Human dental pulp stem cells improve left ventricular function, induce angiogenesis, and reduce infarct size in rats with acute myocardial infarction.
Gandia C, Armiñan A, García-Verdugo JM, Lledó E, Ruiz A, Miñana MD, Sanchez-Torrijos J, Payá R, Mirabet V, Carbonell-Uberos F, Llop M, Montero JA, Sepúlveda P.
Stem Cells
2008 Mar;26(3):638-45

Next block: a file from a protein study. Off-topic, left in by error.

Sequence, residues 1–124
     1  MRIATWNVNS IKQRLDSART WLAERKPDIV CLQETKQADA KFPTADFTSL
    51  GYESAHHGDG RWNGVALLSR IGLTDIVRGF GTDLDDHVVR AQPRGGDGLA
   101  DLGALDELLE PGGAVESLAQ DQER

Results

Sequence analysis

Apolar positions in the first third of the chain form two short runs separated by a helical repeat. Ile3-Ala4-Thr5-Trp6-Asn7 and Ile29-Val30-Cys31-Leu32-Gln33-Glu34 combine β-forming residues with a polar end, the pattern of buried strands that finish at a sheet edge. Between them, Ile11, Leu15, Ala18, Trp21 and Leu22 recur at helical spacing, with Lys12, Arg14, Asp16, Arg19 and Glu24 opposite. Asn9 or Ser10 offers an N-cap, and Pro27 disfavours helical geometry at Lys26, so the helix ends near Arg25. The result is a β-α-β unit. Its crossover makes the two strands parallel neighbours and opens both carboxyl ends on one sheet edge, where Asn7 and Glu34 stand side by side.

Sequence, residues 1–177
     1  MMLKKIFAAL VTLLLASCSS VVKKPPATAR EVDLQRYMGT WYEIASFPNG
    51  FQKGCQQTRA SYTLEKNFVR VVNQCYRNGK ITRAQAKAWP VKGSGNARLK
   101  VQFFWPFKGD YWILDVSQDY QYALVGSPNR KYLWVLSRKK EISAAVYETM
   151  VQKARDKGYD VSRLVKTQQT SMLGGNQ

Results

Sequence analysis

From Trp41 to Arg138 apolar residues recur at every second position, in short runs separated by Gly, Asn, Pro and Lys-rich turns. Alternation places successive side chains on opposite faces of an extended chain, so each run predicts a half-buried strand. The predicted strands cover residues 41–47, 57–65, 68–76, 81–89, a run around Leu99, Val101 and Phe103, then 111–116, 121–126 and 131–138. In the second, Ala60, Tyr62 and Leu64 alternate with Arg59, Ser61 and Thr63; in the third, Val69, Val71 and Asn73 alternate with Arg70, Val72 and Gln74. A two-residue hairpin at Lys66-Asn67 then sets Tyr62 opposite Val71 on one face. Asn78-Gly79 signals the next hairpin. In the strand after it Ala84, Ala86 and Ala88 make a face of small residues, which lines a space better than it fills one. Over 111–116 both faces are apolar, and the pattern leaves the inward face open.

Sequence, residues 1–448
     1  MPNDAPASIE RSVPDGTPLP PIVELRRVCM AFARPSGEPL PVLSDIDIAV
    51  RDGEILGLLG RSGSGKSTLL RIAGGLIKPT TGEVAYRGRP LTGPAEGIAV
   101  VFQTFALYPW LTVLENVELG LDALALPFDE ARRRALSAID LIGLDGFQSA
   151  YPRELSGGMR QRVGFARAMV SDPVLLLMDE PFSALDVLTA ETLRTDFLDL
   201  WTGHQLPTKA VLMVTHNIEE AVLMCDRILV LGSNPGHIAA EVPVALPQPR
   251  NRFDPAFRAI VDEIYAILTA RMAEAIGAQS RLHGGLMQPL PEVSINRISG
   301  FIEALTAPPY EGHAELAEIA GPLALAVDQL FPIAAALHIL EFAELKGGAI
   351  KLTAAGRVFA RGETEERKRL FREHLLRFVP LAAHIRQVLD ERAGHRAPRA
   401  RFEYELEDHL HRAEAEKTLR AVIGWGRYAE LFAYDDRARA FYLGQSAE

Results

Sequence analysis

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Human dental pulp contains precursor cells termed dental pulp stem cells (DPSC) that show self-renewal and multilineage differentiation and also secrete multiple proangiogenic and antiapoptotic factors. To examine whether these cells could have therapeutic potential in the repair of myocardial infarction (MI), DPSC were infected with a retrovirus encoding the green fluorescent protein (GFP) and expanded ex vivo. Seven days after induction of myocardial infarction by coronary artery ligation, 1.5 x 10(6) GFP-DPSC were injected intramyocardially in nude rats. At 4 weeks, cell-treated animals showed an improvement in cardiac function, observed by percentage changes in anterior wall thickening left ventricular fractional area change, in parallel with a reduction in infarct size. No histologic evidence was seen of GFP+ endothelial cells, smooth muscle cells, or cardiac muscle cells within the infarct. However, angiogenesis was increased relative to control-treated animals. Taken together, these data suggest that DPSC could provide a novel alternative cell population for cardiac repair, at least in the setting of acute MI.